The art of people-watching is one we all engage in, and in Streetwise
these observations, suffused with the many ways we imagine the lives of others, take on depth and focus as poet and passers-by interact without a word needing to be said. In nuanced and lyrical pieces, the poet draws on years of experience as an employment lawyer, aware of those turned out onto the street; reflects on personal experience of the paths that lead to medical diagnoses, aware of those whose news was less fortunate, and above all, simply watches with a humane and intelligent perspective. From city streets to the streets of history, from country paths to places of memory, David Burridge follows in the footsteps of the philosopher Rousseau, revealing how much can be discovered by simply walking through a forest or up a hill. A finely layered and compelling reflection on the many routes we take through life, Streetwise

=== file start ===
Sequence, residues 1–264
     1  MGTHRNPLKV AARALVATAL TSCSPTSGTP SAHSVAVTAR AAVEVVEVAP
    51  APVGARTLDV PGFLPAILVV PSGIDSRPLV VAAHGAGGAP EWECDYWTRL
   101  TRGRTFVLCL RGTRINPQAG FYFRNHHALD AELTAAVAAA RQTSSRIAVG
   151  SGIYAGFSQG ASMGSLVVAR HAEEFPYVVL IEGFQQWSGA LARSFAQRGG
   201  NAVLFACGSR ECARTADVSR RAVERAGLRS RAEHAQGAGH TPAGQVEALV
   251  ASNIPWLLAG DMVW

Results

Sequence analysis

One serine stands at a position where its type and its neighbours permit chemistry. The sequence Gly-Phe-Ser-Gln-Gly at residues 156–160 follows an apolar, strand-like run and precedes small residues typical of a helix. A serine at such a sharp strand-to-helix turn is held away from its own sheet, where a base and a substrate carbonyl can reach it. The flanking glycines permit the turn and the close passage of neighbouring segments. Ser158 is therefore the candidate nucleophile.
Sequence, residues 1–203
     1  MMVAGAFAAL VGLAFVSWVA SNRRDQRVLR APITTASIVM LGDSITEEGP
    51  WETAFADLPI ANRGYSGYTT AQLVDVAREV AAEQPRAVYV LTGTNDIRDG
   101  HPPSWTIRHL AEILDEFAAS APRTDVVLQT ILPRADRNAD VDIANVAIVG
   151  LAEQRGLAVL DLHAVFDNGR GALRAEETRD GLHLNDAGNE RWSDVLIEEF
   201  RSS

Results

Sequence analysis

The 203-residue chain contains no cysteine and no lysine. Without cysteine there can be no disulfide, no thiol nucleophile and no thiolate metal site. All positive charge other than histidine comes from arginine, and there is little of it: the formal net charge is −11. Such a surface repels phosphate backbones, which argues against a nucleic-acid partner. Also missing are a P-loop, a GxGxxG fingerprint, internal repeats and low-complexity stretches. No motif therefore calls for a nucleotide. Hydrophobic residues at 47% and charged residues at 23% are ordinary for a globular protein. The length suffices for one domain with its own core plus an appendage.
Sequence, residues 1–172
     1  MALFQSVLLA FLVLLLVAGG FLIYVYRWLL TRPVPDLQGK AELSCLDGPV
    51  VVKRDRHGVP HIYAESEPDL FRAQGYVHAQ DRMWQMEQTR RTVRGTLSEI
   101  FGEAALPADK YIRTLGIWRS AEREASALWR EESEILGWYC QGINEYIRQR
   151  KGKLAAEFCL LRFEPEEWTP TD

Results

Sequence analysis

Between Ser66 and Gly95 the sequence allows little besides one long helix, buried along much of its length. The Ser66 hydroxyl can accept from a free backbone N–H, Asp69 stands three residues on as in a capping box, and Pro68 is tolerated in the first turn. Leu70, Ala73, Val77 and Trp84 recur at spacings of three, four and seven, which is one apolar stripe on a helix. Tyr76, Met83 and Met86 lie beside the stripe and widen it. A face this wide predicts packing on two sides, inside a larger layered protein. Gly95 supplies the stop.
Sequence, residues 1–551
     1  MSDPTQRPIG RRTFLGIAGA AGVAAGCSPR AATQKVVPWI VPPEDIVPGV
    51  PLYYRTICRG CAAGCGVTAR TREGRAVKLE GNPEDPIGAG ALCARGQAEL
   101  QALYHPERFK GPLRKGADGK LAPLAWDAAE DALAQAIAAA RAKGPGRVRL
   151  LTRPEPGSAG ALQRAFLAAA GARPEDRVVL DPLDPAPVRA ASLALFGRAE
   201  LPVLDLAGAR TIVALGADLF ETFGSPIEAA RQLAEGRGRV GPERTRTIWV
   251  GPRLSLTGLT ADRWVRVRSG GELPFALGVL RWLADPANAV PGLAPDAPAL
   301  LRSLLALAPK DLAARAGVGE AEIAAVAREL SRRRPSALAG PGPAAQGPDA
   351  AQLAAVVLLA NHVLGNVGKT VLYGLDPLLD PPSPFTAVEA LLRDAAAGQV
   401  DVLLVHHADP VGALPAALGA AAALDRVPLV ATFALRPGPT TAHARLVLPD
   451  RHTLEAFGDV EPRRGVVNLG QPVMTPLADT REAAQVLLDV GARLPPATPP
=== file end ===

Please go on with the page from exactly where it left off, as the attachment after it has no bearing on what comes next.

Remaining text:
is a long-overdue debut to which readers will return. Bonjour Madame! She window-leans out from her living quarters, a crevice of cottage under the wall. Puycelsi – a village high above the Forêt de Grésigne, built to scour and beat off thugs marauding below. For centuries quiet was contained with height and stone. In the mid-morning bask, she presents her proud pots, and while the cat sleeks by, describes the season’s blooming. Her simple sense of completion dosed me with the need to peel back particulars of a simple day to find the universal, and this before darkness quietly closes in.